The Millennium Development Goals Report 2006 (2)
Thank you, Claudio for alerting me to the MDG Goals Report for 2006.
For anyone with an interest in seeing success in Africa, the overview is a
disaster. This is, of course, not news.
I have considered the MDG approach to relief and development something of a
fiasco from the start. As someone who has done management information design
for most of my career, a process that looks out 15 years is likely to
accomplish little unless it is complemented by serious short term action plans
that really do reflect the longer term goals, and there is strong focus on
these short term actions and their results. But that was never the case with
the MDG process. Bill Easterly from NYU describes the situation very well in
his book "The White Man's Burden" ... a good book with a rotten title.
This MDG Goals Report for 2006 highlights the terrible lack of
progress in Sub Sahara Africa (SSA). 11 items in the "no progress, or a
deterioration or reversal" and 7 items in the "target is not expected to be met
by 2015 if prevailing trends persist. None better than that.
In contrast East Asia has 3 items in the "target already met", 6 items in the
"target is expected to be met ..." and just 3 in the "no progress or a
deterioration or reversal".
Southeastern Asia is almost as good: 2 items in the "target already met" group,
7 items in the "target is expected to be met ..." group and just 2 items in
the "no progress or a deterioration or reversal" group.
Leadership in the international relief and development sector (RDS) should be
drawing some lessons from this ... it is well known that relief and development
progress reflects almost total failure of the process ... but at the end of the
day the RDS experts recommend doing the same things over and over again with
more money and expecting different performance. The big questions of HOW and
WHY there is relief and development failure is not asked out loud ... in big
part because there are far too many people who are quite happy with the status
Where has the money gone? What has it been used for? What results of any
tangible value have been achieved? These are legitimate questions, and though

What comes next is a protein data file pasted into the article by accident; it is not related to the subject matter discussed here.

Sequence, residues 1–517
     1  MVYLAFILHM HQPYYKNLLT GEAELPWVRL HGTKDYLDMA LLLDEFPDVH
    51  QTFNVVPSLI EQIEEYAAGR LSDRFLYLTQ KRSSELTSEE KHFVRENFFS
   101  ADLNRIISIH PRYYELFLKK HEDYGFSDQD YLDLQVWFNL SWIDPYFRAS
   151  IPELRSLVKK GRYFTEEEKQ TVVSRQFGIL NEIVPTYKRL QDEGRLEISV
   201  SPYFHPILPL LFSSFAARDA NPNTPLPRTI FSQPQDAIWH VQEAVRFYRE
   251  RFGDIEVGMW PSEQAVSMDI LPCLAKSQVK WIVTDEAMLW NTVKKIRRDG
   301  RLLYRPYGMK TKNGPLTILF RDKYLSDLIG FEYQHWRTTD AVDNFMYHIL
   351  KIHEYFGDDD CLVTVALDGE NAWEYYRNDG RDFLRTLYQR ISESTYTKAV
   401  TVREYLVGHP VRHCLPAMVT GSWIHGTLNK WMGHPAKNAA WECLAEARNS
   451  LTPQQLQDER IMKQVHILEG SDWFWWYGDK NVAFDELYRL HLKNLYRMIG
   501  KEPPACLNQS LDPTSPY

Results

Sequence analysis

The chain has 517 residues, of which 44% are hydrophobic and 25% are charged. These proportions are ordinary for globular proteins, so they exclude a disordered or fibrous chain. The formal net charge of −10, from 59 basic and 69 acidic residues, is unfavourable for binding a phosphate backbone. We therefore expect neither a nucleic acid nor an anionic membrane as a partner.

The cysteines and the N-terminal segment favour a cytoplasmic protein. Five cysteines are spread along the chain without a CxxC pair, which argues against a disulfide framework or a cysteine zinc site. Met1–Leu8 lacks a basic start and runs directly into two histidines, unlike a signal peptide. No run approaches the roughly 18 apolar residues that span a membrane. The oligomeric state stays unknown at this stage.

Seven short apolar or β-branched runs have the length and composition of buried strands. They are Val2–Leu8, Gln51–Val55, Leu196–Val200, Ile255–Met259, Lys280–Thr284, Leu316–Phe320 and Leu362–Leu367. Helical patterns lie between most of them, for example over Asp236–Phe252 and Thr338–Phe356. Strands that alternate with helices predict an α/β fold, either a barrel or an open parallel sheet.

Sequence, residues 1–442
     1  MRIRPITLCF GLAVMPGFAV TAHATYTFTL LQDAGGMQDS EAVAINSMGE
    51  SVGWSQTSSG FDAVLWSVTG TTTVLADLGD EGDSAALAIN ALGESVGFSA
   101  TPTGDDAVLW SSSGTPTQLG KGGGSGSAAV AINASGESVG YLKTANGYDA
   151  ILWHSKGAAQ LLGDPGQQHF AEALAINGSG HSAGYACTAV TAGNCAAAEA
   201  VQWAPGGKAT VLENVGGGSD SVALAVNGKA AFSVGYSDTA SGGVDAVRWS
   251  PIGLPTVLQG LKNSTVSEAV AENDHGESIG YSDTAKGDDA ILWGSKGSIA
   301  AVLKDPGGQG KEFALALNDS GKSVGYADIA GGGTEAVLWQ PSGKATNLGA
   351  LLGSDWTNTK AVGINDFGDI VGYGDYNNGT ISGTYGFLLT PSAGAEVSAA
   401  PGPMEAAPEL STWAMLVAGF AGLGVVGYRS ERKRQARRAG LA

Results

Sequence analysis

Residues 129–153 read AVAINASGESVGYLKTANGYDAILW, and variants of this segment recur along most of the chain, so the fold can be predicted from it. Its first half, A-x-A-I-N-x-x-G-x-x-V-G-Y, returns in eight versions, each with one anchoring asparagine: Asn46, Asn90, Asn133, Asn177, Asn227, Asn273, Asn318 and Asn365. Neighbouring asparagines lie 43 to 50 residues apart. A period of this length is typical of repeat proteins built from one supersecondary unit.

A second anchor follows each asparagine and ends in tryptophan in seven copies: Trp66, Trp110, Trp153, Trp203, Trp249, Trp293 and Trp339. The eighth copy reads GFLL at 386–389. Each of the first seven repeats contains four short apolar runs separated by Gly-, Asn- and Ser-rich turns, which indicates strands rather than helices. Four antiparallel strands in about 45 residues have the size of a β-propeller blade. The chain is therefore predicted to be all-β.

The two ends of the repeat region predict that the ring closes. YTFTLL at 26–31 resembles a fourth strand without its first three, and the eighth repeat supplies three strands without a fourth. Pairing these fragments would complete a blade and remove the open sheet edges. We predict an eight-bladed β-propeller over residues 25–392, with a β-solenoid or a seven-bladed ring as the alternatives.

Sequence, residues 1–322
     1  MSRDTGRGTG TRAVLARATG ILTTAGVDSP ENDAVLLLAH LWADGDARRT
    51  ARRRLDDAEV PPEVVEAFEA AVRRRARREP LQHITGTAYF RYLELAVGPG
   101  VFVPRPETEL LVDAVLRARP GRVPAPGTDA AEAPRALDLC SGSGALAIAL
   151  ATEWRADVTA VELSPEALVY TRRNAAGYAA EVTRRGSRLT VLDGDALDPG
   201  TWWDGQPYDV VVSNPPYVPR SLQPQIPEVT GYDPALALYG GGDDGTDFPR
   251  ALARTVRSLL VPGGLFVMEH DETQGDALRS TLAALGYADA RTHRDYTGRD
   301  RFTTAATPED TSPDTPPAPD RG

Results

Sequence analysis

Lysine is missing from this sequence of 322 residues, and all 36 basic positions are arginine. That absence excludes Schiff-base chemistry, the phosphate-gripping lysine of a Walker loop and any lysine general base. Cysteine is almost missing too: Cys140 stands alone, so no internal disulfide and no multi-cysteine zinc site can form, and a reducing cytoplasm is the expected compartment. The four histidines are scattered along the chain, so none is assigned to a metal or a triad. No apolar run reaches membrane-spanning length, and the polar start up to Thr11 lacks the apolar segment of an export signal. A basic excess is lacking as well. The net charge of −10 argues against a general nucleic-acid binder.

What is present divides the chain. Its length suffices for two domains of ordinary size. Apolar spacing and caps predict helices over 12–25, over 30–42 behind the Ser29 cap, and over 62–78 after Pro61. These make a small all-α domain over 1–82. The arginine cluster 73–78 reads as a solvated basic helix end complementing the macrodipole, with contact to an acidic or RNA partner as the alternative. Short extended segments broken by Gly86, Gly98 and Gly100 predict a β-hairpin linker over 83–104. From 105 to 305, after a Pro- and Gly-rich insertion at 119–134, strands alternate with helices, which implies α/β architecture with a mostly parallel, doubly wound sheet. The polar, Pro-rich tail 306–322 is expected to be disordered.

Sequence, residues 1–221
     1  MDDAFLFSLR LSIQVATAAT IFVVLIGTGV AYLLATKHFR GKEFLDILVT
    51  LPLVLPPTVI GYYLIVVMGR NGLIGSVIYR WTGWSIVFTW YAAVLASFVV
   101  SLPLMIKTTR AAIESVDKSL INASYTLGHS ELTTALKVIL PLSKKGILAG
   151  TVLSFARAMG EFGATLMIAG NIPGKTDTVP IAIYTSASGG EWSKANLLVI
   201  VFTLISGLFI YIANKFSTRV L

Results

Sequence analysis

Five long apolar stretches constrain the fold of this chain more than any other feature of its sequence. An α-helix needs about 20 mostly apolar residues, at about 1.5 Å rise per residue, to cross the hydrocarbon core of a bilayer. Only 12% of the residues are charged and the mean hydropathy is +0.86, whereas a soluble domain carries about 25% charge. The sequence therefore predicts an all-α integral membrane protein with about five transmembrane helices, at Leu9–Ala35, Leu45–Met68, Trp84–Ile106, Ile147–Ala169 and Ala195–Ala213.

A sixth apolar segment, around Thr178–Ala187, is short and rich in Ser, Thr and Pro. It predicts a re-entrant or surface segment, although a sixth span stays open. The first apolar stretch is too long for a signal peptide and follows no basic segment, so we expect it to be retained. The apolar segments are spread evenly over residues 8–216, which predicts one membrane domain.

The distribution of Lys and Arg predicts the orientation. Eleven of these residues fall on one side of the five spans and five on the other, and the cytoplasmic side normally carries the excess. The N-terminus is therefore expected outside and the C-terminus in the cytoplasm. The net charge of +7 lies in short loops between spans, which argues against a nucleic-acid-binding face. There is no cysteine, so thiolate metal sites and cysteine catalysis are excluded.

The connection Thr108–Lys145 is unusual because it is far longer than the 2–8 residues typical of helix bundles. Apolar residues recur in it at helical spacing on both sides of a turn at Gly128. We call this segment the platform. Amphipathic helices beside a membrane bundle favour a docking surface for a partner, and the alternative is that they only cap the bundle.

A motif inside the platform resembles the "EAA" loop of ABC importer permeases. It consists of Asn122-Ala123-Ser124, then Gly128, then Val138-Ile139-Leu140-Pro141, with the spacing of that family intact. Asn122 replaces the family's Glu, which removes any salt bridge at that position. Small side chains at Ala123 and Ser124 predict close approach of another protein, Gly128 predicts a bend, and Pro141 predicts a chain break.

not very challenging academically, none of the RDS organizations or the RDS
leadership (people) seem willing or able to give solid answers. It really is a
sad and unacceptable state of affairs.
Are there any changes in progress that might give cause for optimism? Maybe.
There are many professional and technical people in Africa who could make a
difference, but they need opportunity ... not just to become involved in more
dialog, but to actually do productive work that has durable value in the
context of the African community. It is a step to integrate African academics
into the global dialog, but this is only an interim step ... there has to be
conversion of academic work into applications and tangible economic goods and
services of value.
Will the needed opportunity ever have access to funding? A weaker maybe. But
without this Africa will not do very well. This is not achieved by debt relief
of government debt ... but needs modest amounts of real money in the right
places. It can be done, but some hard work is needed to attract the capital
into this ... and very little has been done on this up to now.
In our own little way, we are moving ahead in these directions ... now it is
malaria (with an integrated mosquito and malaria control program strategy) ...
soon it will be community level job creation ... and then ....... we shall see.
But one thing we know ... going out 15 years with our goals in not our idea of
how to manage a difficult process effectively, though it does employ a lot of
report writers and analysts!
Transparency and Accountability Network